RANDOM(4)                                                  Linux Programmer's Manual                                                 RANDOM(4)


       random, urandom - kernel random number source devices


       The  character  special  files  /dev/random  and  /dev/urandom (present since Linux 1.3.30) provide an interface to the kernel's random
       number generator.  File /dev/random has major device number 1 and minor device number 8.  File /dev/urandom has major device  number  1
       and minor device number 9.

       The random number generator gathers environmental noise from device drivers and other sources into an entropy pool.  The generator also
       keeps an estimate of the number of bits of noise in the entropy pool.  From this entropy pool random numbers are created.

       When read, the /dev/random device will only return random bytes within the estimated number of bits  of  noise  in  the  entropy  pool.
       /dev/random  should  be  suitable  for  uses  that  need very high quality randomness such as one-time pad or key generation.  When the
       entropy pool is empty, reads from /dev/random will block until additional environmental noise is gathered.

       A read from the /dev/urandom device will not block waiting for more entropy.  As a result, if there is not sufficient  entropy  in  the
       entropy  pool,  the  returned  values  are  theoretically  vulnerable  to  a cryptographic attack on the algorithms used by the driver.
       Knowledge of how to do this is not available in the current unclassified literature, but it is  theoretically  possible  that  such  an
       attack may exist.  If this is a concern in your application, use /dev/random instead.

       If  you  are  unsure  about whether you should use /dev/random or /dev/urandom, then probably you want to use the latter.  As a general
       rule, /dev/urandom should be used for everything except long-lived GPG/SSL/SSH keys.

       If a seed file is saved across reboots as recommended below (all major Linux distributions have done this since  2000  at  least),  the
       output  is  cryptographically  secure  against  attackers without local root access as soon as it is reloaded in the boot sequence, and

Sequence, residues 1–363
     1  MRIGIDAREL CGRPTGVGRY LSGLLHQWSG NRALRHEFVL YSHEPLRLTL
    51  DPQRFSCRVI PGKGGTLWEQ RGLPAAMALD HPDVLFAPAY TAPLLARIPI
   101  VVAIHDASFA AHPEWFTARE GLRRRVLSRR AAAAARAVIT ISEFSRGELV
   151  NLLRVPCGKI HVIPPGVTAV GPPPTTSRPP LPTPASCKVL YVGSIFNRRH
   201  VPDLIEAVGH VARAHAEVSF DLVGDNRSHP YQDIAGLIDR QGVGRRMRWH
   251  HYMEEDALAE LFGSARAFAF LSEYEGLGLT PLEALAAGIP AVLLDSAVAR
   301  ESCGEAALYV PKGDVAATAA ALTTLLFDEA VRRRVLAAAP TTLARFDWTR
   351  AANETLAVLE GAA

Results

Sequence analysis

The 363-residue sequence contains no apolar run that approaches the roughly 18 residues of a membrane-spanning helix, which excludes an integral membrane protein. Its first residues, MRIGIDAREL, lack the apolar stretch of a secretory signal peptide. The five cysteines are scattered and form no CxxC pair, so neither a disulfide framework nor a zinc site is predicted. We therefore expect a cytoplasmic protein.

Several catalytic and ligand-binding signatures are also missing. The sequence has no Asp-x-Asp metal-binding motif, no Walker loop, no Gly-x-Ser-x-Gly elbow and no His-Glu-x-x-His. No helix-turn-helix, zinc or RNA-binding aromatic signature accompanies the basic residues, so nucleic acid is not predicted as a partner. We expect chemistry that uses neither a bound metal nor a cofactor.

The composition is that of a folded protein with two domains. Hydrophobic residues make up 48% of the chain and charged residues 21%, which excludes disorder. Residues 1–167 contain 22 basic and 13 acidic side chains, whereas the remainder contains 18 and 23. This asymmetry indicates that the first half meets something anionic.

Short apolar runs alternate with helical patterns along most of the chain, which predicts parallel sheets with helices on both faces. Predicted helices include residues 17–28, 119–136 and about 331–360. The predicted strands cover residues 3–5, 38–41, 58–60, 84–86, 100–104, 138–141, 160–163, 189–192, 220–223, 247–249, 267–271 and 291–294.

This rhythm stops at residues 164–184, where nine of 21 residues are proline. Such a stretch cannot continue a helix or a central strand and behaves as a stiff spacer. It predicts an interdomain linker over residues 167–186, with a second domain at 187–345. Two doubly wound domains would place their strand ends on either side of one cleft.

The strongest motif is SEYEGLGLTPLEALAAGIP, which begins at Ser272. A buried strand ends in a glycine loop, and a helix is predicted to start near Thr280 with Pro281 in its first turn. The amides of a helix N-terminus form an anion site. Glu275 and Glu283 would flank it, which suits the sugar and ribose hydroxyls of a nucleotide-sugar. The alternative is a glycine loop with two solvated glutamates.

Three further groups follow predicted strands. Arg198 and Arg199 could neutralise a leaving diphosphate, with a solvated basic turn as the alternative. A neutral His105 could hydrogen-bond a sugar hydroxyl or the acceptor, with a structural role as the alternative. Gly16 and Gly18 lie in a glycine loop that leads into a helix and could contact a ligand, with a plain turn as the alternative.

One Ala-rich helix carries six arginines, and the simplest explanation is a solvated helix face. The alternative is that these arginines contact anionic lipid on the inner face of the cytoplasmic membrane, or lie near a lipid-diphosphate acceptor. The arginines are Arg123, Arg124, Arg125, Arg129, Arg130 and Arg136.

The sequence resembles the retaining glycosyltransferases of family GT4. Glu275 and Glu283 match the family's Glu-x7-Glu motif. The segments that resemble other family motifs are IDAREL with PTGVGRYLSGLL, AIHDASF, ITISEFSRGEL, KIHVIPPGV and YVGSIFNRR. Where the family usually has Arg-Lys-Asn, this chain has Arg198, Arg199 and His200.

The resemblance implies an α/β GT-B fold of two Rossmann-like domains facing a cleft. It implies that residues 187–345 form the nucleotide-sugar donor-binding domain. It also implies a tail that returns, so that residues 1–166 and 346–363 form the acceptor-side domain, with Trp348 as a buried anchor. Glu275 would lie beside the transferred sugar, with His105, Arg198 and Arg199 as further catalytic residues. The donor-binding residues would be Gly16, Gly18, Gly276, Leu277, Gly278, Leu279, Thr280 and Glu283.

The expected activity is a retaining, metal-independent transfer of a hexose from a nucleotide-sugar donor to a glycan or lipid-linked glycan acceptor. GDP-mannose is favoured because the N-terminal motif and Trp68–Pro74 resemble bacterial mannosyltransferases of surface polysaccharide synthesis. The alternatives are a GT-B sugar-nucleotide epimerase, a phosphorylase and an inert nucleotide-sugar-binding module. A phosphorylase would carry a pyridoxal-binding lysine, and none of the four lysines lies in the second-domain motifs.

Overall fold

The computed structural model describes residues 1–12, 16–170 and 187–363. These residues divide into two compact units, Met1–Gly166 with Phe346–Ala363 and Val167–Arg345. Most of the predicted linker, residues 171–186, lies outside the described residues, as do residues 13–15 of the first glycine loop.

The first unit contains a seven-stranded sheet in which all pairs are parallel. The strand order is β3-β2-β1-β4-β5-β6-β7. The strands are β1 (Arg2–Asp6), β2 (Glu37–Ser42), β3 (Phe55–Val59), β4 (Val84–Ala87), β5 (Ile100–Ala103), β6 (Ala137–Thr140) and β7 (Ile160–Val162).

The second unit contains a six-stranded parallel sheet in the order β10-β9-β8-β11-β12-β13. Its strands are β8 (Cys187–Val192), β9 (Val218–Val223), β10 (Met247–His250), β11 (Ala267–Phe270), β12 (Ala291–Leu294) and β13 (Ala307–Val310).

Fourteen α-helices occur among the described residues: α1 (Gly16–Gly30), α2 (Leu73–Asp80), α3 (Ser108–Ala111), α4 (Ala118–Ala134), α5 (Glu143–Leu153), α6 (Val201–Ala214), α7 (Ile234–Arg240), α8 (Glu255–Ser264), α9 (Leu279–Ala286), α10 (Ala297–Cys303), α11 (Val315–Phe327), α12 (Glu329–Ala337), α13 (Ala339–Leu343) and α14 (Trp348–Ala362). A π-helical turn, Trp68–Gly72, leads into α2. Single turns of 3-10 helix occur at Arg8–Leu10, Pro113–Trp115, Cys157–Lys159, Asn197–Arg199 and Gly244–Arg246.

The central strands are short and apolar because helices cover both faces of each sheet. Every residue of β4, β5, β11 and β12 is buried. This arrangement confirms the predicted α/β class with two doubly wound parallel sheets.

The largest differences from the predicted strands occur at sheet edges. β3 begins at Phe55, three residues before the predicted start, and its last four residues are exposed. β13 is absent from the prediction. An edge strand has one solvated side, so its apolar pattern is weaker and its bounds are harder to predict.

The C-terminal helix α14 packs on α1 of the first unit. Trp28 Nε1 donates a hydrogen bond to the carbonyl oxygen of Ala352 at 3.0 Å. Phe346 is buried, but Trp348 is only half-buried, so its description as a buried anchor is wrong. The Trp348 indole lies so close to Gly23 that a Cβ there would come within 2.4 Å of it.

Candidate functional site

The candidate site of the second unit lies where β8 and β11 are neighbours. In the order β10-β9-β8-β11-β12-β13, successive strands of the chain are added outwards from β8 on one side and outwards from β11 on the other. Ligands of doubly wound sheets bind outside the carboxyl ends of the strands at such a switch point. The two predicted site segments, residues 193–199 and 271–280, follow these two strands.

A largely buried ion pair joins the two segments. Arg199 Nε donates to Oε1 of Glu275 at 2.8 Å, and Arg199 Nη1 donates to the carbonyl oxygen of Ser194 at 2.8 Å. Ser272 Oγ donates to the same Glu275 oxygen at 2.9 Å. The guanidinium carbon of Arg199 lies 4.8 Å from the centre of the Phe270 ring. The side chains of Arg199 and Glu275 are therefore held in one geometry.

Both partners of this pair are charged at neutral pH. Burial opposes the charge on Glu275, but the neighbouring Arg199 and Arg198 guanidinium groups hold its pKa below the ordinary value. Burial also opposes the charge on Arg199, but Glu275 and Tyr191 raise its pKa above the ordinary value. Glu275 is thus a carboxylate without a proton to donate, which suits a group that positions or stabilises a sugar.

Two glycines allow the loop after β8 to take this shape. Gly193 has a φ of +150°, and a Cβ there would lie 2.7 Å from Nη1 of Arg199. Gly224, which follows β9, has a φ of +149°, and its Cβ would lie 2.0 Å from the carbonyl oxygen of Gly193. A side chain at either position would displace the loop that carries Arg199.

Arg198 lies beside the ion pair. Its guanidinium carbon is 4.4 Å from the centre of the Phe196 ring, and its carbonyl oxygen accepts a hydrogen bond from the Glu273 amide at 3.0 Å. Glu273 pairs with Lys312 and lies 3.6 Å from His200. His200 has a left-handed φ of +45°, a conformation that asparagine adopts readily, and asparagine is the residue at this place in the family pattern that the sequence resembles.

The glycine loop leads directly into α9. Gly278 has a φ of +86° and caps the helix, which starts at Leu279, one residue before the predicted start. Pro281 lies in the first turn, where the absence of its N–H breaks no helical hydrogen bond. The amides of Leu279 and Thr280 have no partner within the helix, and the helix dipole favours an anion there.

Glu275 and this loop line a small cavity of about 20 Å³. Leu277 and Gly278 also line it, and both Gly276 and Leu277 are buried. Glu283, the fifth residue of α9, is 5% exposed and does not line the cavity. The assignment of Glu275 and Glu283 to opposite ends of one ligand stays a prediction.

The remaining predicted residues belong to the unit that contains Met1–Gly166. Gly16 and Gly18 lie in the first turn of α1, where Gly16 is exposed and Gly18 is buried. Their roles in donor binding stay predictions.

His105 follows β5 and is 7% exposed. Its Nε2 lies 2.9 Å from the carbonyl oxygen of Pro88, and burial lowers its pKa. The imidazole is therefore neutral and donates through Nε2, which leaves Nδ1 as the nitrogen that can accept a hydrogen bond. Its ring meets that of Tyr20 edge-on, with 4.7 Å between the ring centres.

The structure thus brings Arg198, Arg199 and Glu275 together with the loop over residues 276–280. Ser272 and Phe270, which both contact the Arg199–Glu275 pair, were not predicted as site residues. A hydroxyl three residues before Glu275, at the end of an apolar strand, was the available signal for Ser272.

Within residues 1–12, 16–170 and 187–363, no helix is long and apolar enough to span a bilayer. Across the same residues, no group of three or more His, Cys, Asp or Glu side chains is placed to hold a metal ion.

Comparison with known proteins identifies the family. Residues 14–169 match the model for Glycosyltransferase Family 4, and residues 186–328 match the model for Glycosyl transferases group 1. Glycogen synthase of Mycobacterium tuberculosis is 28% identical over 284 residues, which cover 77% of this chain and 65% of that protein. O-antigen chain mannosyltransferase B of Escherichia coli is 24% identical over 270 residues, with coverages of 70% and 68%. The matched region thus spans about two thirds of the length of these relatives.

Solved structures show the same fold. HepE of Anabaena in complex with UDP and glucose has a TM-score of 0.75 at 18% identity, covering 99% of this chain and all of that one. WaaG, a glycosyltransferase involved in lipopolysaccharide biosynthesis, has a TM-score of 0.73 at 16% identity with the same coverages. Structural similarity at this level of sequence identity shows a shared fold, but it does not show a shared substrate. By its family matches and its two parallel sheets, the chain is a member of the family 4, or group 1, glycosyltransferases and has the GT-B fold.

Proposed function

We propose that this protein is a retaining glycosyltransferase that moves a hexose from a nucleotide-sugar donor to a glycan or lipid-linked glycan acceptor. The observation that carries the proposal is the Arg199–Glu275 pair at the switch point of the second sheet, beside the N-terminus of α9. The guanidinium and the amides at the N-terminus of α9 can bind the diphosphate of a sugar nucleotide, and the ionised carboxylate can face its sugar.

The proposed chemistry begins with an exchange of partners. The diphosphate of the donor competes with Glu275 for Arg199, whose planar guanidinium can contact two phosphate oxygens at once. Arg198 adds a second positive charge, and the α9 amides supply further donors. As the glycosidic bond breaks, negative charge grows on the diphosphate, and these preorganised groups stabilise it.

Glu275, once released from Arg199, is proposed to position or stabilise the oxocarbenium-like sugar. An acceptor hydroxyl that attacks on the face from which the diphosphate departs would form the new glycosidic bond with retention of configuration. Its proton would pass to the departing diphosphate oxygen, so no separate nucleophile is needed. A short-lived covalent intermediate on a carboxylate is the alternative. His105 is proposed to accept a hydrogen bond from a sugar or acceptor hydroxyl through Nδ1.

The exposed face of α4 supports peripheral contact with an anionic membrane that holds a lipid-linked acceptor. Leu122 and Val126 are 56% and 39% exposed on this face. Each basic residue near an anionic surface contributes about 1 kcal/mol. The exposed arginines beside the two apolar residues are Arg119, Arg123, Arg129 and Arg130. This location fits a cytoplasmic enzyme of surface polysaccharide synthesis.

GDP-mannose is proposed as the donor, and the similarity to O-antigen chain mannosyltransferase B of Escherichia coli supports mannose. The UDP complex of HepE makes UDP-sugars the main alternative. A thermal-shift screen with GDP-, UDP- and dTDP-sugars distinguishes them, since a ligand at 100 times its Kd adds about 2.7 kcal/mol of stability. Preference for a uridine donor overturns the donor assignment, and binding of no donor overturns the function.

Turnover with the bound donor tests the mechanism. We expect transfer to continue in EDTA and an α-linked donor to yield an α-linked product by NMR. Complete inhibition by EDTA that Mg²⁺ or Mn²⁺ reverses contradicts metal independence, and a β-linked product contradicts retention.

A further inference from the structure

perfectly adequate for network encryption session keys.  Since reads from /dev/random may block, users will usually want to open it  in
       nonblocking mode (or perform a read with timeout), and provide some sort of user notification if the desired entropy is not immediately

       The kernel random-number generator is designed to produce a small amount of high-quality seed material to seed a cryptographic  pseudo-
       random  number  generator  (CPRNG).  It is designed for security, not speed, and is poorly suited to generating large amounts of random
       data.  Users should be very economical in the amount of seed material that they read from /dev/urandom (and /dev/random); unnecessarily
       reading large quantities of data from this device will have a negative impact on other users of the device.

       The amount of seed material required to generate a cryptographic key equals the effective key size of the key.  For example, a 3072-bit
       RSA or Diffie-Hellman private key has an effective key size of 128 bits (it  requires  about  2^128  operations  to  break)  so  a  key
       generator only needs 128 bits (16 bytes) of seed material from /dev/random.

       While  some safety margin above that minimum is reasonable, as a guard against flaws in the CPRNG algorithm, no cryptographic primitive
       available today can hope to promise more than 256 bits of security, so if any program reads more than 256  bits  (32  bytes)  from  the